10 Ways to Use Wood Ash on a Homestead

Wednesday, February 3, 2016

Ash Bucket

There’s nothing better on a cold winter’s day than a roaring fire. The warmth and ambiance fills the soul, not to mention warms it as well. I usually have a fire going from the time I get home from work until it’s time to turn in. The fire not only heats the house, but it also keeps the furnace from going on until it’s really needed. And, by that time I’m snug in a warm bed. So, the fireplace pulls double duty.

I get seasoned and split firewood from a local rancher who allows me to pick it up for free as long as I “pick it up”. No delivery service here. Not a bad deal and the exercise in the cool fall months is very energizing.

Our winters are not terribly cold here, so I only go through about 3-4 cords of wood. But, imagine 3 to 4 cords worth of fireplace ash! And, consider this…a cord of wood produces about 50 pounds of ash.

Yikes…what to do with all that ash???

Well—the good thing about natural wood and ash from the wood is that it’s considered a natural substance. When wood is burned it lets out nitrogen and sulfur as a gas, and what remains is magnesium, calcium, potassium and other trace elements. In fact, wood ash contains most of the 13 essential nutrients needed for soil to sustain plant growth.  That’s right. Wood ash can be used as a soil conditioner, insect repellent, and fertilizer. It can even be used to make soap.

So—before you toss that ash into the trash bin check out these 10 uses around the homestead.

In The Garden

  1. Enrich Compost – Mix in about a cup of ash to a 4’x4’x4’ compost bin to enhance its nutrients. Or, calculate a cup per 64-cubic feet of raw compost materials. Don’t overdo it though. Ash is very alkaline and will throw off the Ph balance of your compost if you use too much.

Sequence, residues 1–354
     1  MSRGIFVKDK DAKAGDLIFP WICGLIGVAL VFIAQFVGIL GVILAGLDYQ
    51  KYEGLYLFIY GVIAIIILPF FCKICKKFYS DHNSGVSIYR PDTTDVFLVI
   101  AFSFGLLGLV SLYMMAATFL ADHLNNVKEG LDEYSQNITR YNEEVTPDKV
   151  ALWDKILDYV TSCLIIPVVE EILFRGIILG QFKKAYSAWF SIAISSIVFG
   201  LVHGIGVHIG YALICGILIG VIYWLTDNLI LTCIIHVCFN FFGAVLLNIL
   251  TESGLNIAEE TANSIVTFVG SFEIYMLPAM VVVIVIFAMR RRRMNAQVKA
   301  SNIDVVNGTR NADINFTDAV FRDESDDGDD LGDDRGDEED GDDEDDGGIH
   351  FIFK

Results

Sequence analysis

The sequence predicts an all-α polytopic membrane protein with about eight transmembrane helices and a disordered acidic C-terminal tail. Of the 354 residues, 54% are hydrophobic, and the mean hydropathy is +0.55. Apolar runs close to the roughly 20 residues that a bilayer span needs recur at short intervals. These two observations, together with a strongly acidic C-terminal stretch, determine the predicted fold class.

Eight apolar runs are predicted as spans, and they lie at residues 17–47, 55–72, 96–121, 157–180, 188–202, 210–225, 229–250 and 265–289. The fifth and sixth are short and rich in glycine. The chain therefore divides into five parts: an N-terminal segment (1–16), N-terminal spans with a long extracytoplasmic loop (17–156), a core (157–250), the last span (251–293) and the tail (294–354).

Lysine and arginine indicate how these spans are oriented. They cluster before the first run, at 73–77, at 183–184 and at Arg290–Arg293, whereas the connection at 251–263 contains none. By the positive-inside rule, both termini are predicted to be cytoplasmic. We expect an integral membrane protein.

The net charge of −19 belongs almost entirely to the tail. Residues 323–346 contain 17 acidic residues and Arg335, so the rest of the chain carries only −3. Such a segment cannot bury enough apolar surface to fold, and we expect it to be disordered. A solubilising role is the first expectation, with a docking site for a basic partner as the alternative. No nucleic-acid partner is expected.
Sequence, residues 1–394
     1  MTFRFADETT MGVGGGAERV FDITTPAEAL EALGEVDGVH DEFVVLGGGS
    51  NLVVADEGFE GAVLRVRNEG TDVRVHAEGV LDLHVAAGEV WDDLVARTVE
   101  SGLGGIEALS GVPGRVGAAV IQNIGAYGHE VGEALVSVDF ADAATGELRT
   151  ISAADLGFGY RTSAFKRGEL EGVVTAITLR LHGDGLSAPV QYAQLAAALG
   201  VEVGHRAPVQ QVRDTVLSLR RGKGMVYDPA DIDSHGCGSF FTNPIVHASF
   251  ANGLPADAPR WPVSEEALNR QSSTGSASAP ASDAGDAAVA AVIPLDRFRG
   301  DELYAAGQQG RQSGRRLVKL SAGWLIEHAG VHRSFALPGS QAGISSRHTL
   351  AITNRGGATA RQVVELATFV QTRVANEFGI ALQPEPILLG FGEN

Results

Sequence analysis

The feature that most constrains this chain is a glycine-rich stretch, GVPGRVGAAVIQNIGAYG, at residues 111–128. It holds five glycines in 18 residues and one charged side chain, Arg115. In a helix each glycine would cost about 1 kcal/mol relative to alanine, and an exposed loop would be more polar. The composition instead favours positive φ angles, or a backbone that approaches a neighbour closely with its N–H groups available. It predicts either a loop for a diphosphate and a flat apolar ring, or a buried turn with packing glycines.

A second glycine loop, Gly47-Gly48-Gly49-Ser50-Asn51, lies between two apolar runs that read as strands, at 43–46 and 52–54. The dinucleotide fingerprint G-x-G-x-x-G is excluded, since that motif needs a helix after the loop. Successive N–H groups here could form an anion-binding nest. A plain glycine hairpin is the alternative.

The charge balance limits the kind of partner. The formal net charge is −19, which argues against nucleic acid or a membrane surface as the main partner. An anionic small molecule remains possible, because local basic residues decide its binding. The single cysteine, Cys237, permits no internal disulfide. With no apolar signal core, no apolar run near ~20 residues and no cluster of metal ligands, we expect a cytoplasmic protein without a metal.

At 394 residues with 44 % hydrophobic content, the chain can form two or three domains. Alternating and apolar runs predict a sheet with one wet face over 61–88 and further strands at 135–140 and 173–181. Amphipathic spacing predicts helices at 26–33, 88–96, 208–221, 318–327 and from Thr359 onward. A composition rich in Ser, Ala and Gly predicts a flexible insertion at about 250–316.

2. Use as a Pre-emergent – Sprinkle ash on the soil in winter or early spring, before plants emerge. If you add ash to areas where seeds or transplants will be planted, hold off planting for a few weeks. Also wait a few weeks to sprinkle around newly planted areas. The shock of the sudden increase in Ph could be too much for young plantings.
  3. Repel Slugs & Snails –Spread evenly around garden beds, on dirt paths, around berry patches and fruit trees to ward off slugs and snails. It’s caustic, so the slimy bugs won’t like it.
  4. Terrific Tomatoes – Make an ash tea to boost the potassium level of potassium loving tomatoes. Put 5 pounds of ash into a permeable cloth, like a burlap bag or an old t-shirt made into a bag. Tie it closed and lower the bag into a 50-gallon trashcan filled with water. Let it sit for about 4 days, then pour about a cup full on your tomatoes once a week.
  5. Feed your Lawn – Before a storm, lightly sprinkle ash on your lawn to provide extra nutrients. The rain water will help push the nutrients down to the roots, where they are needed.


The secret to using wood ash in the garden is to “dust it”, don’t “dump it”.

Around The Homestead

  1. De-skunk the Dog – If man’s best friend has tangled with a skunk, simply rub a handful of ash all over his body. The ash will naturalize the smell.
  2. De-Ice the Driveway – Ash won’t hurt the soil or cement so it can be used to melt ice, snow or provide traction where needed.
  3. Clean Sooty Windows – Use a damp sponge and dip into a pail of ash. The ash dust scrubs away soot and residue.
  4. Absorb Paint – Sprinkle ash onto an area where paint has been splattered and scuff with your boot to absorb and blend it in with the cement.
  5. Make Soap – Ashes can be made into lye by soaking them in water. Immerse the ashes in water and let them settle then skim off the lye from the top. You can do this every day until you have enough lye to make soap. The lye can be mixed with animal fat and then boiled to make soap.


Notes of Caution:

Before you launch off and clean out that wood stove or firebox there are a few tips to handling ash safely. First off, find yourself a sturdy metal trashcan with a lid, one that will be dedicated to hold only ash. Secondly, wait for the ash to cool completely before putting it in the trashcan. No warm or hot stuff. When cleaning out the firebox or stove use caution to not breathe in the ash dust or get it in your eyes, nose or mouth, it’s caustic. It’s best to wear protective gear when doing this. You know…goggles, gloves and mask. Better safe than sorry. Keep it stored in a safe place with the lid tightly fastened so a brisk wind won’t send the ash flying around the homestead for animals and humans to breathe.

I use a thrift store ash bucket to transfer ash from the fireplace to the larger ash can outside. This way I’m not dragging the bigger can in and out of the house. Whatever is not used in the garden or compost is put in my yard waste can for the trash company to compost.

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